EEOC Settles Retaliation Case Claiming Workers Were Not Re-Hired For Complaining About Discrimination
On April 10, 2020, the U.S. Equal Employment Opportunity Commission (EEOC) issued a press release announcing that it has entered into a Consent Decree to settle a retaliation lawsuit against Sunridge Nurseries, Inc. (Sunridge). On September 26, 2019, the EEOC filed the case, U.S. Equal Employment Opportunity Commission v. Sunridge Nurseries, Inc., Case No. 1:19-cv-01365, in the U.S. District Court for the Eastern District of California after initially seeking to obtain a pre-litigation resolution of the case through its statutorily required conciliation process. In the Consent Decree, which was signed by U.S. District Judge Anthony W. Ishii on April 9, 2020, Sunridge agreed to pay $237,500 to resolve the retaliation lawsuit.
The EEOC commenced the retaliation lawsuit pursuant to Title VII of the Civil Rights Act of 1964 (Title VII) on behalf of five seasonal workers who had previously worked for Sunridge. Under Title VII, employees are protected from retaliation when they complain about perceived workplace discrimination on the basis of race, color, national origin, sex, or religion. Title VII protects employees from retaliation by any past, present, or prospective employer. This means that an individual who is seeking employment with a previous employer is protected from retaliation by that previous employer for having complained about perceived unlawful employment practices during his or her prior employment with that previous employer.
The EEOC claims that Sunridge refused to re-hire the five seasonal workers in retaliation for their complaints about perceived racial discrimination in the workplace. In this article, our Marion County, Florida retaliatory termination lawyers explain the EEOC’s allegations against Sunridge.
Employees Claim Discriminatory Treatment
Sunridge is a grower in the grapevine nursery stock industry and is based in Bakersfield, California. Since 2012, the five seasonal workers, who are of Filipino national origin, were all employed by Sunridge continuously during the vinestock harvesting season. Sunridge’s ordinary practice was to contact one or more of the five seasonal workers every year at the start of a season to re-hire all of the five seasonal workers for seasonal employment.
Starting in 2012 and continuing until the Spring of 2014, the five seasonal workers collectively verbally complained of racial discrimination on a continuous basis. The five seasonal workers lodged complaints with several supervisors, including a supervisor named Perez. The verbal complaints of racial discrimination related to Filipino employees being treated differently from non- Filipino workers in pay, assignments, and working conditions. Despite their complaints, the five seasonal workers continued to be given the worst rows, continued to be the first dismissed, continued not to be recalled to work after stoppages, and continued to be given lower-paying assignments than non- Filipino workers.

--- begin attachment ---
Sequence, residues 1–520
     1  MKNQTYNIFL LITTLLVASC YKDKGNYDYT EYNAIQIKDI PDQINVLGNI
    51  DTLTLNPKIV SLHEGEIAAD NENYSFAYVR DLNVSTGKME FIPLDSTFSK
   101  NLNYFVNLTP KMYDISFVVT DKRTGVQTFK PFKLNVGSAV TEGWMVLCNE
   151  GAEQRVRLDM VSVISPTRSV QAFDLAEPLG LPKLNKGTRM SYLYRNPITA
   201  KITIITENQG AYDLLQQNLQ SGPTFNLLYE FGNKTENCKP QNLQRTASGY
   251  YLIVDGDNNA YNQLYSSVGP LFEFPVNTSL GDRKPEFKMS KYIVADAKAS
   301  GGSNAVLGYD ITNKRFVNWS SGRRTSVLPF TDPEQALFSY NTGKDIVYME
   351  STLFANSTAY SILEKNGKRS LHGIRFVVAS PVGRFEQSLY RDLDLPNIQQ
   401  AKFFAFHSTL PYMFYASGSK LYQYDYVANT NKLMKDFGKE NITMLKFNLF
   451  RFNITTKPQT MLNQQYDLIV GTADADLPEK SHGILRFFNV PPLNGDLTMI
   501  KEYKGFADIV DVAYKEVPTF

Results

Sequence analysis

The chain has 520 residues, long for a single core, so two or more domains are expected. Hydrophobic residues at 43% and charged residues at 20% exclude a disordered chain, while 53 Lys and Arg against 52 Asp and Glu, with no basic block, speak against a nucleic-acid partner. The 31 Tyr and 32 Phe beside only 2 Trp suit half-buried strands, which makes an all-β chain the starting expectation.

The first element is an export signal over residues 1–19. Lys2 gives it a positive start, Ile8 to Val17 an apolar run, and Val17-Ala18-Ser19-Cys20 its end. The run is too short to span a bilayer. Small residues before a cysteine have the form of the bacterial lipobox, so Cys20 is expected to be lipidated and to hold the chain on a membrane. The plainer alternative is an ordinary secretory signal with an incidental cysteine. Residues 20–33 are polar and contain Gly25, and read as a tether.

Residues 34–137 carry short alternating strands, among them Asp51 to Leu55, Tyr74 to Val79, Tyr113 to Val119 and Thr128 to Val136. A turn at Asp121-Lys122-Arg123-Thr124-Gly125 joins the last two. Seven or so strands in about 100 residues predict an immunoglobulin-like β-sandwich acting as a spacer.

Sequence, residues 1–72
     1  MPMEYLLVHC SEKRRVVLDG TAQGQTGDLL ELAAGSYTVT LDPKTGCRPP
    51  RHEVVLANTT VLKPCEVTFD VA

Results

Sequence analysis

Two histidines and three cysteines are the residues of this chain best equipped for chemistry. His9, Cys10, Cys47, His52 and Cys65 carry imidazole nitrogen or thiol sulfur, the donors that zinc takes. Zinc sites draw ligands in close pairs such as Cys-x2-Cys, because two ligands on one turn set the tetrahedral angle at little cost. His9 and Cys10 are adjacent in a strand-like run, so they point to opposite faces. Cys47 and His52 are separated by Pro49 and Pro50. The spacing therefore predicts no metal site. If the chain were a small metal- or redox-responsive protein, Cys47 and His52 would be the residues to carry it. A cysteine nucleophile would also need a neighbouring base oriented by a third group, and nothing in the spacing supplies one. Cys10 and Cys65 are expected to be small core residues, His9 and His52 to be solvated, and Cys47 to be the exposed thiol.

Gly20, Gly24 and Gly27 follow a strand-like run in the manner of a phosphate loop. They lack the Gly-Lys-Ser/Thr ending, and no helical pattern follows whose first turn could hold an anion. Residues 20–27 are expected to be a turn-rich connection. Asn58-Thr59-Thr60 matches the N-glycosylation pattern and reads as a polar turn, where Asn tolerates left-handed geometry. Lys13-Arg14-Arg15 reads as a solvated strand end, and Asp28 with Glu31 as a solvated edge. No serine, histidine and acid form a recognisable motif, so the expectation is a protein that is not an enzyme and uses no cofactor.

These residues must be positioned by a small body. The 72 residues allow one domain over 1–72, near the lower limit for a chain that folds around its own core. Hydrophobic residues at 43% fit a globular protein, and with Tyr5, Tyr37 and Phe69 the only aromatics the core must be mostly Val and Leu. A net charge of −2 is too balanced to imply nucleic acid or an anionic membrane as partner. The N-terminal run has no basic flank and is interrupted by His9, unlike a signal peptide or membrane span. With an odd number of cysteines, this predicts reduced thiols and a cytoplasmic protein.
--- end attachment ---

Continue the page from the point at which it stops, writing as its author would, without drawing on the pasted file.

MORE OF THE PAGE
Employees Claim Unlawful Retaliation
In February 2014, the five seasonal workers submitted a written complaint to Sunridge protesting working conditions faced by Filipino workers. Sunridge did not address the written complaint before the end of the 2013-2014 season. At the start of the 2014-2015 season, unlike other seasons, the five seasonal workers received no call to return to Sunridge for work. Despite not being called back to work, the five seasonal employees reported to Sunridge on November 30, 2014 to fill out annual employment paperwork. Upon arriving at Sunridge’s facility, Perez told the five seasonal workers that they were not permitted to return to work. The five seasonal workers were never called back to work and thus never re-hired. Contending that the five seasonal workers’ production rate was as good, if not better, than workers who were re-hired, the EEOC claims that Sunridge refused to re-hire the five seasonal workers solely as a result of unlawful retaliation.
Fighting For Retaliation Victims
The EEOC is the administrative agency of the United States responsible for interpreting and enforcing federal employment laws prohibiting discrimination, harassment, and retaliation. In enforcing the federal employment laws, the EEOC is also granted the authority by federal law to bring lawsuits on behalf of retaliation victims. In a press release issued by the EEOC on April 10, 2020 regarding the case, the Director of the EEOC’s Fresno Office, Melissa Barrios, explained that “retaliation remains a persistent common problem which requires all employers to ensure accountability, training, and leadership to promote a workplace free of discrimination.”
Consult With Ocala Retaliatory Termination Lawyers
Based in Ocala, Florida and representing employees throughout Central Florida, our Marion County, Florida retaliatory termination attorneys have dedicated their practice to fighting for employee rights. If you have been retaliated against for complaining about perceived unlawful employment practices or have questions about your rights under the federal anti-discrimination laws, please contact our office for a free consultation with our Ocala, Florida retaliatory termination lawyers. Our employment law attorneys take retaliatory termination cases on a contingency fee basis. This means that there are no attorney’s fees incurred unless there is a recovery and our attorney’s fees come solely from the monetary award that you recover.